small business pandemic

Small Business: Lessons Learned During a Crisis (Pandemic)

(Transcript Below)
So I want to talk about a couple lessons learned during this economic fallout for my business as well as personally.


And the first one is cash is king and cash flow is king. In the past, if I'm able to secure a discount by paying things far in advance, buying for a year of service in advance, a lot of times I do it to save that money. But what I found out now is I paid for a conference, hotel reservations, left deposits for things almost a year in advance that have since been put on hold for an event unlikely to happen and can't get a refund for any of that.

So couple of thousand dollars probably down the drain at that point for me, trying to get a 15 percent discount. So in trying to do that, I lost several thousand dollars. But prepaying for things still not a bad strategy. But you really have to watch your cash flow and think to yourself that you're parting with that money and if something something happens, if I need that money back, will that be a problem? So definitely keep a closer eye on cash flow on your cash reserves because you never know when something like this is going to happen now.

And that cash might be really, really important for your business. And those other people that have your money may not be willing to give it back to you.


The second thing is with banking. Banks always try to encourage you to do all your banking with one bank. They want your personal banking, your business banking with one bank…….have all your relationships.

We've always kept one personal bank account and then with another bank we keep a business bank account. But as you're finding now as a business owner, especially here in the United States, the Paycheck Protection Program, you have to go apply through the bank that you have a relationship with and what a lot of businesses have found, myself included, is that many banks stopped offering it or only offered it to “preferred” customers, despite that being against the rules.

I didn't have to apply for it, thankfully didn't need it, but it didn't matter because my bank, where I have my commercial accounts, decided they're not going to offer it. They offered it very briefly in the beginning and then they cut it off. And now when the second round of stimulus came out, they decided not to even offer it to their clients. So didn't matter. If I did need it, I would be out of luck because it's the only business banking relationship I have.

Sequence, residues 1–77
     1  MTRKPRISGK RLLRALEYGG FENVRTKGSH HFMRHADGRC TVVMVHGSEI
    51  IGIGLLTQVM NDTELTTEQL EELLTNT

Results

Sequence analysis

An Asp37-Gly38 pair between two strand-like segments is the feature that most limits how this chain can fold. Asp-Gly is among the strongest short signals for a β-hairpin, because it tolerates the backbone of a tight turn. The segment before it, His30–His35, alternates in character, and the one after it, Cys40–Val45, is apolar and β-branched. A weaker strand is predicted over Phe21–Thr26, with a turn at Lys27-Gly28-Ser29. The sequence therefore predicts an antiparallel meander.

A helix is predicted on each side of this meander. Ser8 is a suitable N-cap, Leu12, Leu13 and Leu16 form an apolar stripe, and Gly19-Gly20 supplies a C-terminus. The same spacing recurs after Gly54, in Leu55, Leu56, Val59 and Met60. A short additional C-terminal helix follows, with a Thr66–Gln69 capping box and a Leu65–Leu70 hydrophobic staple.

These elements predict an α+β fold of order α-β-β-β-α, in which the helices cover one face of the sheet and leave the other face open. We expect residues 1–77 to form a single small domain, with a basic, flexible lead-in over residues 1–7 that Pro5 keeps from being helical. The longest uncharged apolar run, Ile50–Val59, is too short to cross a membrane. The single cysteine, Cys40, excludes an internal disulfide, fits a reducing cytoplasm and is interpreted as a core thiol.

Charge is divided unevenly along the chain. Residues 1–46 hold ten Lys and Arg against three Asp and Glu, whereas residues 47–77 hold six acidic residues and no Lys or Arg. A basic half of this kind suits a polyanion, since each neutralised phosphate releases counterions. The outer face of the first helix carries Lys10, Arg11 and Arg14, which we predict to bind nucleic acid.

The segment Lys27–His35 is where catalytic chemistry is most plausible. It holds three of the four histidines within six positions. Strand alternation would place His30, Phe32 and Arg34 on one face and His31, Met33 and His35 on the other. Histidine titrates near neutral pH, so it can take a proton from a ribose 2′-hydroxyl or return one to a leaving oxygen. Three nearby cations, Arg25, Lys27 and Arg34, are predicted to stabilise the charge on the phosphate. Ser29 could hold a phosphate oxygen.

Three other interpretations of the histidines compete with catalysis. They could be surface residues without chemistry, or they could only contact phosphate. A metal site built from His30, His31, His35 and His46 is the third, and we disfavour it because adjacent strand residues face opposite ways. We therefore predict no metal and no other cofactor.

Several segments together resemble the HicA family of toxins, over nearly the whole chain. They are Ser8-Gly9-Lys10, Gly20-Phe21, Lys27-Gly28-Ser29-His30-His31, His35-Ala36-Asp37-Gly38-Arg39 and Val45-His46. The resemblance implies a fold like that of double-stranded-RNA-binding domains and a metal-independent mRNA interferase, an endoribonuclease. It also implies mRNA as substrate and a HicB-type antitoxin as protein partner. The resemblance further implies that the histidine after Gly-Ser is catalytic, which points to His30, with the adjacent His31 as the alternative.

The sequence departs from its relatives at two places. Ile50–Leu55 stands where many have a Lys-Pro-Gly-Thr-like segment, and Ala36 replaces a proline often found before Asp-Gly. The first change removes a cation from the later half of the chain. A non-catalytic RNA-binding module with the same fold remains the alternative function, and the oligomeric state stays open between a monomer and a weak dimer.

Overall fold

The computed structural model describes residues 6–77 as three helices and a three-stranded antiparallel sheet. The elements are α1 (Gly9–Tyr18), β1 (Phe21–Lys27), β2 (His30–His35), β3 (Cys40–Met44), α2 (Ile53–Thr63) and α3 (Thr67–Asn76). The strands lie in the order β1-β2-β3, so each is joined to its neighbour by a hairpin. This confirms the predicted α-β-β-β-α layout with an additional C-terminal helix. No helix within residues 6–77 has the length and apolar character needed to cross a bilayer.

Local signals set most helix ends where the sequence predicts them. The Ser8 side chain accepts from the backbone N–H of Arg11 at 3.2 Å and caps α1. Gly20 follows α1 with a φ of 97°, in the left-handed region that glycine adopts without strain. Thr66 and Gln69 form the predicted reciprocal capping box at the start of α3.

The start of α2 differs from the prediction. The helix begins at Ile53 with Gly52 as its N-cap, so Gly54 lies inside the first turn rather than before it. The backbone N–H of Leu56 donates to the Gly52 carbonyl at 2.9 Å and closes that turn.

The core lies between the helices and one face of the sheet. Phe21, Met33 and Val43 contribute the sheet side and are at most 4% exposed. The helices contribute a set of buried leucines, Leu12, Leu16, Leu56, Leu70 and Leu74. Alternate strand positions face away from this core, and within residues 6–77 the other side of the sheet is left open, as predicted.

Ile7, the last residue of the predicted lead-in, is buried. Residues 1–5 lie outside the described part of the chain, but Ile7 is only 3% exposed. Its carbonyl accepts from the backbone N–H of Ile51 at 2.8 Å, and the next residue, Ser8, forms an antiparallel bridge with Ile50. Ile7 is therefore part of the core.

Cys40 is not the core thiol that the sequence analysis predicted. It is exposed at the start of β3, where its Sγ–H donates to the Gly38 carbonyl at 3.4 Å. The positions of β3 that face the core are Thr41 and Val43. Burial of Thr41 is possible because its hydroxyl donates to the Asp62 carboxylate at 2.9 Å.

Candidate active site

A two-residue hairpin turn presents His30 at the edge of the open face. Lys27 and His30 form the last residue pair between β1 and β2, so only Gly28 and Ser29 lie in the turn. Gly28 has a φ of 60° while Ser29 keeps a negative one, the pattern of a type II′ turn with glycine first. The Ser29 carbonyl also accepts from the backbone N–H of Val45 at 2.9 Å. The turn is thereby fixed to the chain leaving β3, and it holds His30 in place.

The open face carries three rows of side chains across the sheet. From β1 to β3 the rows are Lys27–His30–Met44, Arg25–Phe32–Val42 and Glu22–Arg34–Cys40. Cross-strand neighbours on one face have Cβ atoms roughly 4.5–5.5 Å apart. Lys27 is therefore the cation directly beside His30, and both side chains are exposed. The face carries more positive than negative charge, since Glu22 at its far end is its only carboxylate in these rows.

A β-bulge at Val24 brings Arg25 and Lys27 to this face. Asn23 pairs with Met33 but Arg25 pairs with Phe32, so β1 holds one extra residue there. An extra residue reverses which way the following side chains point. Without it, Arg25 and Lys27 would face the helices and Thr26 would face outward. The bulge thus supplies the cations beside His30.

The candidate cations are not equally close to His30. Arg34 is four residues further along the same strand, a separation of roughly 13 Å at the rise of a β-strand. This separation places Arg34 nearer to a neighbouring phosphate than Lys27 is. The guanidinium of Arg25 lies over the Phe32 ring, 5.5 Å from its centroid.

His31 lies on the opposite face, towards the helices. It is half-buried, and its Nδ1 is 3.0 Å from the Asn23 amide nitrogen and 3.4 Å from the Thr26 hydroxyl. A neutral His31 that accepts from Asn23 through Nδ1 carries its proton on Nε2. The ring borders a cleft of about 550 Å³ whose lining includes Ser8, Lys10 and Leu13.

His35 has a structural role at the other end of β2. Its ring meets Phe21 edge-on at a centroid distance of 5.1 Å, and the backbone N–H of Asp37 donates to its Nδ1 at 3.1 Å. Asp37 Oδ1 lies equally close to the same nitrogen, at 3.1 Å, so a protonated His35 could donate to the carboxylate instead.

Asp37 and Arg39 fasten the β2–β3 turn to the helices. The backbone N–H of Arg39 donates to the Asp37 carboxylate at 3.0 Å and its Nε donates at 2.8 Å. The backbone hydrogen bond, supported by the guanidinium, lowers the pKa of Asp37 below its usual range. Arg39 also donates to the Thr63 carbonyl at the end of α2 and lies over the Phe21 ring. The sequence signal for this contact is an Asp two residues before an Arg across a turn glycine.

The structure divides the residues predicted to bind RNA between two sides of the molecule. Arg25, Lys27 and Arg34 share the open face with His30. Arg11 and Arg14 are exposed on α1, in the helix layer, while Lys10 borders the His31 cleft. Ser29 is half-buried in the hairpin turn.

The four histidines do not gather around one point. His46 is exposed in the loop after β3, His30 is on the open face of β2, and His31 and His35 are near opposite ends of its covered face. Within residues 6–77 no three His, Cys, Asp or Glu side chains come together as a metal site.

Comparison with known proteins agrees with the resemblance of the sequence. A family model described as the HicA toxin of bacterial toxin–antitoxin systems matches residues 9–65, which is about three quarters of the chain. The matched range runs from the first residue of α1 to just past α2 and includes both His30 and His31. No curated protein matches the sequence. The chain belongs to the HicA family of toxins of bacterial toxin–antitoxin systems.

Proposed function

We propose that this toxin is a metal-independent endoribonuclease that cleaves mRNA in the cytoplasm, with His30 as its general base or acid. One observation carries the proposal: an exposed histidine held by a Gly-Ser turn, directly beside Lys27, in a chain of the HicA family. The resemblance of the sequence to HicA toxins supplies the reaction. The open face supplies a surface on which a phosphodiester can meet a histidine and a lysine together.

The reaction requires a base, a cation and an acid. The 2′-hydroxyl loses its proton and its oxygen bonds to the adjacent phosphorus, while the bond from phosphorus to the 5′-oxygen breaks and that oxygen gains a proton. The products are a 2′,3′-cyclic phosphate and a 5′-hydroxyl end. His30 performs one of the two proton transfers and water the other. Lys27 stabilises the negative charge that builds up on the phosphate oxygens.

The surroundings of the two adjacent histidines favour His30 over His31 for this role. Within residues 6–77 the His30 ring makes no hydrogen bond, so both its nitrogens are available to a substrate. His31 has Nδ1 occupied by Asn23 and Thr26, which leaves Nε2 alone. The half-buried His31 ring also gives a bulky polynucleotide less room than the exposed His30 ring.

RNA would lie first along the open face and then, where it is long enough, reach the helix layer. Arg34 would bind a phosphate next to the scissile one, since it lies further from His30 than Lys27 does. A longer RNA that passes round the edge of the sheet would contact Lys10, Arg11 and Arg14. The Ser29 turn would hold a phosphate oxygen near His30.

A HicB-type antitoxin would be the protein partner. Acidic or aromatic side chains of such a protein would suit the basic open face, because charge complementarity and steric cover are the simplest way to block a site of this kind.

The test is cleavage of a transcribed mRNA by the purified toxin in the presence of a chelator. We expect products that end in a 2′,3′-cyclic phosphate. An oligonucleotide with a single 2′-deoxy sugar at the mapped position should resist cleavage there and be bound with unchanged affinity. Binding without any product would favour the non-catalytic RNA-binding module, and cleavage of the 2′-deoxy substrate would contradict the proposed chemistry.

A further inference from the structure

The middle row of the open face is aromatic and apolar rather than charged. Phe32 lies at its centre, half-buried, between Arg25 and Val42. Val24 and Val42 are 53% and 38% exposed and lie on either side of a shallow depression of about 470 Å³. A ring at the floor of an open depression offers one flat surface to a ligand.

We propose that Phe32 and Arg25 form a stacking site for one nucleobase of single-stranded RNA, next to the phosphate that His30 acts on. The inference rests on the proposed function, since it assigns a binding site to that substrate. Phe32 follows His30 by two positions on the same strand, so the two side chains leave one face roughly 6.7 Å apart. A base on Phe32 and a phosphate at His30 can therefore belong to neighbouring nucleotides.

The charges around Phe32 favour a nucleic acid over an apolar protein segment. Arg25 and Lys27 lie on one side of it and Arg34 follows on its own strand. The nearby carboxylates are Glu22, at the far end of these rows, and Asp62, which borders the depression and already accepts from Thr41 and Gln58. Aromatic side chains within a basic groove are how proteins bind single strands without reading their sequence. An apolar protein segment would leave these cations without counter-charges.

And they've given zero opportunity for their business customers to apply for a Paycheck Protection Loan. Also, there's other banks where if you didn't have an outstanding loan with them in the first place, even if you only had a savings account or a checking account, unless you had a loan or a line of credit with them, they will not they would not give you that Paycheck Protection Program loan. So same thing. I would definitely not put all my eggs in one banking basket.

So if I have a checking and savings account with one bank and I needed a line of credit, I would definitely consider spreading my relationships with other banks because having all of my banking in one place in this situation would not have worked out for me if I did need that line of credit, if I did need a loan. So I would definitely look at different kinds of relationships and not trust the banks ever and definitely not trust keeping everything with a single bank because you never know when you're going to need those banking relationships.

And as you can see today, unless you have previous banking relationships with them, they will not accept you as a new customer and help you out during during these, you know, during this economic downturn.


The last thing is diversifying your business. And I talked about this in my last video, the businesses that are hurting a lot right now are especially the brick and mortar businesses that were completely shut down. They're not allowed to open and they do not have a secondary source of revenue, of customer acquisition, things like that.

So have a hard look at your business. Luckily for my business, it's pretty much all online and hasn't been affected too much by it. But if you're a brick and mortar business right now, I would definitely start thinking of contingency plans. Well, if my business had to close. What can I do? Can I sell online through e-commerce? Can I do virtual consultations? Can I do Skype calls? Can I do. How can I pick things up?

If for some reason the government, which they have done,  they shut down my store. People do not want to go outside now. How can I keep functioning as a business? So definitely start to think of some contingency plans, alternatives and start putting those things into place as soon as possible. You may be thinking this is a once in a lifetime event, but guess what? If it happened once, it very would likely will happen again for other reasons or another pandemic or something like that.

But it's a good opportunity to evaluate your business to see if this happened to me again how can I pivot my business and how can I be prepared where I can sleep, keep functioning, even on a limited basis, to keep customer sales going and keep customer acquisition going?


So just couple of things to think about. If you have any questions, you can contact me at 3Bug Media. But hopefully you're doing well or the best you can during these times. Best of luck with your business getting up and running once this lockup ends.

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CEO at 3Bug Media
Gary Shouldis is the founder of 3Bug Media, a web marketing company that helps businesses create 360 Marketing Strategies to dominate their market. His blog is read by over 20 thousand small business owners a month and has been featured in the N.Y. Times Small Business, Business Insider and Yahoo Small Business.